• 11.04.11

Exhibit Reveals A Famed Architect’s Oddball Inspiration: Security Envelopes

The Art Institute of Chicago offers a rare glimpse at Jürgen Mayer H.’s massive collection of security codes, and how it has inspired his buildings.

Exhibit Reveals A Famed Architect’s Oddball Inspiration: Security Envelopes

You expect architects, savvy renaissance men that they are, to collect art or wine or maybe vintage cars–ya’ know, consequential stuff. You do not expect them to spend more than a decade amassing a tremendous stockpile of security envelopes.


But that’s precisely what German architect and artist Jürgen Mayer H. has done. And not just security envelopes. He’ll snatch up anything with an encryption pattern on it: a security code, a personal ID number–whatever. Then he riffs off the patterns in his building designs. Remember his tremendous, mushroom-like wooden parasol in Seville? That was informed by a computer-generated security motif. So too was was his elegant, geometric Hasselt Court of Justice in Belgium, seen here:

[Note the visual echoes between the borders of the envelope window, and the concrete frame of the Hasselt Court of Justice.]

The German publishing house Hatje Cantz recently released a limited-edition book on Mayer’s collection. Pages from Wirrwarr are now the subject of an exhibit at the Art Institute of Chicago. Jürgen Mayer H.’s Wirrwarr features large-format images of more than 100 of the architect’s data sheets, offering a window onto his enigmatic creative inspiration.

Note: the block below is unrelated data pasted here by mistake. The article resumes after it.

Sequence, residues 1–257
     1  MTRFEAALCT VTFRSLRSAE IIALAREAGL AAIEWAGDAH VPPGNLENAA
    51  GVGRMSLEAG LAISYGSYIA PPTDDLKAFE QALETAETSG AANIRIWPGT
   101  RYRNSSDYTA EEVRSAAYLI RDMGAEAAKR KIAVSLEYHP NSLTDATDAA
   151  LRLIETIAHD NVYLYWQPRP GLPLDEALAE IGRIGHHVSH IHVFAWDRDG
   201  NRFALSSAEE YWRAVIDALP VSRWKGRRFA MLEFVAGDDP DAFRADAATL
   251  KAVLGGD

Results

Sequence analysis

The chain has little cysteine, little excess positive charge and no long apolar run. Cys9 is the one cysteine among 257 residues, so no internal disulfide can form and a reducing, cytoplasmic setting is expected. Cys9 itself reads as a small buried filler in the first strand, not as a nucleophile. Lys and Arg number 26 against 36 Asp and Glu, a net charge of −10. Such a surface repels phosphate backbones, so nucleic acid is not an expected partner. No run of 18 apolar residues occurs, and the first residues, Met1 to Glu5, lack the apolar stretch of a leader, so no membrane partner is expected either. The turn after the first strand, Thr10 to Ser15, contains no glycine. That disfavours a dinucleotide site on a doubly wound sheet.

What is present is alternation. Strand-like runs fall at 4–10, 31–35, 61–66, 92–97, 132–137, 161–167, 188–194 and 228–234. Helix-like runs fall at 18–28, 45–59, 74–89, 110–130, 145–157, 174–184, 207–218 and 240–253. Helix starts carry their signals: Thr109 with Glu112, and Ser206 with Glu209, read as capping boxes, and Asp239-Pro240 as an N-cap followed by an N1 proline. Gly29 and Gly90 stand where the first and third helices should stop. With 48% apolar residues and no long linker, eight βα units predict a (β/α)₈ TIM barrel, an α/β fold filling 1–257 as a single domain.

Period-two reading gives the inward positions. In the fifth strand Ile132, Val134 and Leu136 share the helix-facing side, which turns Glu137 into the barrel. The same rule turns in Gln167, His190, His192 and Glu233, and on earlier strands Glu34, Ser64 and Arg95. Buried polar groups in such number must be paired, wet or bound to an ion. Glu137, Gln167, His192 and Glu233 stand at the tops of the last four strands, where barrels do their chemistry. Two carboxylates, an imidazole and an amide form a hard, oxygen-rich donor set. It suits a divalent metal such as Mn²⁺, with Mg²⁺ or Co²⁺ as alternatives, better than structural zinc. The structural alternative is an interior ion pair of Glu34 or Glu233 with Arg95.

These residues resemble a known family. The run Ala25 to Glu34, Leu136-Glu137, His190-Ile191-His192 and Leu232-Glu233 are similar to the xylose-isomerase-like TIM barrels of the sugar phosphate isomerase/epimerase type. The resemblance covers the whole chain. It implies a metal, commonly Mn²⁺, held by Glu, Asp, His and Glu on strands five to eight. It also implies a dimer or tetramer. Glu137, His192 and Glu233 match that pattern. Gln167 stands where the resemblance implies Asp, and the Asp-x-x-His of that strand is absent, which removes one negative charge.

In a way, security envelopes are the ultimate metaphor for the perils of living digitally. They’re designed to obscure personal information and protect our identities. Thing is, no one’s really entitled to privacy in the age of targeted ads and email scams. By throwing security codes onto buildings, Mayer makes the private quite literally public. He gives us Facebook as architecture. The irony (no doubt deliberate) is that the patterns are so complex, it’s only through the very thing he’s critiquing–digital technology–that Mayer is able to render them in brick and mortar.

[Images courtesy of the Art Institute]

About the author

Suzanne LaBarre is the editor of Co.Design. Previously, she was the online content director of Popular Science and has written for the New York Times, the New York Observer, Newsday, I.D.